There are several causes of chronic lower back pain, but they can be classified into two main groups: Chronic it’s been going on for quite a while, or acute. Should the pain be classified as acute, it is fairly recent.
Lower back pain can render someone pretty much useless because of everything that we rely on our lower back for. Think about it bending over to pick things up, squatting to get into a car to drive and much more.
When the muscles in your lower back are the problem, making sure that they are strong enough to keep your spine in line correctly will help. Muscles that are too tight will pull the spine out of place and can cause more problems such as the pelvis going out of place.
Loosening the muscles that hold the spine together so that they aren’t too tight can be achieved through a number of different methods. Some people choose to use ice, or heat. Others will alternate the two, and yet others opt to use a muscle relaxant that a doctor will prescribe for them.
Stretching the muscles out, carefully, and with the supervision of a trained professional will help as well. Quite often you will be given instructions to do some of the stretches with heat, and before you get up to move around.
Arthritis, another one of the several causes of chronic lower back pain, creates pain when the bones in the back especially the lower back area become stiff. Normally, dealing with arthritis is done with heat and anti-inflammatory medicatoin, as well as painkillers when needed.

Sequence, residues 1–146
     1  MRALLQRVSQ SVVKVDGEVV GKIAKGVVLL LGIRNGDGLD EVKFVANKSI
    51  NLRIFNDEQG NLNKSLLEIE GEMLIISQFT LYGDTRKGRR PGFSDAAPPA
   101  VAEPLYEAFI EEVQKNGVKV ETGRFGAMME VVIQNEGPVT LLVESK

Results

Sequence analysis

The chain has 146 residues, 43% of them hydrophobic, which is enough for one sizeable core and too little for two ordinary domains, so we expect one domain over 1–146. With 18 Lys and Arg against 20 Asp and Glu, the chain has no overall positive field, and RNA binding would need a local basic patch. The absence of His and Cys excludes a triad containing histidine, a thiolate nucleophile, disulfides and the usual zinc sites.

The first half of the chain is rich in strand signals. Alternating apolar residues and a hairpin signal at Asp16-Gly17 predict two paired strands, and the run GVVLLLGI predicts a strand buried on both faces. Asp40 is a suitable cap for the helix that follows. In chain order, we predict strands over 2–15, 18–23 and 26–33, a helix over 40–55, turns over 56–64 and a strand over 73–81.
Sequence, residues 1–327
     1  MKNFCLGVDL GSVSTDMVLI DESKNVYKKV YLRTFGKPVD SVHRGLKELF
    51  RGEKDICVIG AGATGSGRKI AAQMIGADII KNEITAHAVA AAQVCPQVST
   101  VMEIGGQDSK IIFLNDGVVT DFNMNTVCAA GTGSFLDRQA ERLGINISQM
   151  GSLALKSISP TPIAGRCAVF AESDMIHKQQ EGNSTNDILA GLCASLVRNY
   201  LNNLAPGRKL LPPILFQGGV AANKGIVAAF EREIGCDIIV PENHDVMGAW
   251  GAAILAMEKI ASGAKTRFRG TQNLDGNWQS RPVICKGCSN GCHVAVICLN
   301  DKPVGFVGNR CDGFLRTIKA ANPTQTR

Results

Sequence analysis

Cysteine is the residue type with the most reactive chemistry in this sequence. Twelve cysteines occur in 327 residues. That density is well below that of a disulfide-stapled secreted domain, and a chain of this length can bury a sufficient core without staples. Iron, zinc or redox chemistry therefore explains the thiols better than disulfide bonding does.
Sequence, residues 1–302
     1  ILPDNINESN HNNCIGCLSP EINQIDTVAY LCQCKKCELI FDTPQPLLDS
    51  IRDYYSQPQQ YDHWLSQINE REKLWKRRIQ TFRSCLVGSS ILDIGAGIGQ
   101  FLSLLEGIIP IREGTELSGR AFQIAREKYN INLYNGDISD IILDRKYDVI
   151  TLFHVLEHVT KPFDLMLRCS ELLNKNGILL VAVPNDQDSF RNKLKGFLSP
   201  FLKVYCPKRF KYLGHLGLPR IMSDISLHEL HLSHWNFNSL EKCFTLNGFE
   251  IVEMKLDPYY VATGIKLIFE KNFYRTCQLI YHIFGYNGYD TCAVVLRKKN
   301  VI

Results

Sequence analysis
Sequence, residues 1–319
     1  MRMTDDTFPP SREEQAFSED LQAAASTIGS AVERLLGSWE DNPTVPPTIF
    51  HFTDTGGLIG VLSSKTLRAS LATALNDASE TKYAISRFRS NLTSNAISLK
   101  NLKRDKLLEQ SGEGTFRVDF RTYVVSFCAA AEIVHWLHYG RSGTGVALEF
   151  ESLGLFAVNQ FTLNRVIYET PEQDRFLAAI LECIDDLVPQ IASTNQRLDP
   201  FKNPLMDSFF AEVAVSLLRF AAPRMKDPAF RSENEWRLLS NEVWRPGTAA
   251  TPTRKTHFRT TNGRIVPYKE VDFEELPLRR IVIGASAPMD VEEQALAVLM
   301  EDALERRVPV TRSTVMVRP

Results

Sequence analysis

When using the medications available to treat arthritis in the lower back, doctors must consider other issues that their patient has. Are there other back problems in addition to the lower back? If so, then how are they being treated, and how will the meds that are being considered affect the other treatments?
When dealing with the causes of chronic lower back pain, both the patient and the medical professionals involved must communicate with each other. The patient must explain all of the current symptoms, and what could have possibly caused them.
For example, perhaps the patient was in a car accident seven years ago, and now the chronic pain in their lower back is too much to bear. The doctor may have done some scans to look for any previous injuries, but if they are not told about the accidents, the incorrect testing may be done. As a result the injuries might not be found.
The end result would be the patient going through more unnecessary pain than they should have to, and extra testing as well. Accidents can cause the vertebrae in your spine to collapse, break or completely degenerate sometimes trapping nerves in them at the same time.
All of these issues can eventually cause wear and tear on your joints, as well as truly mess up your posture. So when dealing with the causes of chronic lower back pain, remember that some strategic planning and good communication with medical professionals will go a long way.
Written By: Updated: June 27,2011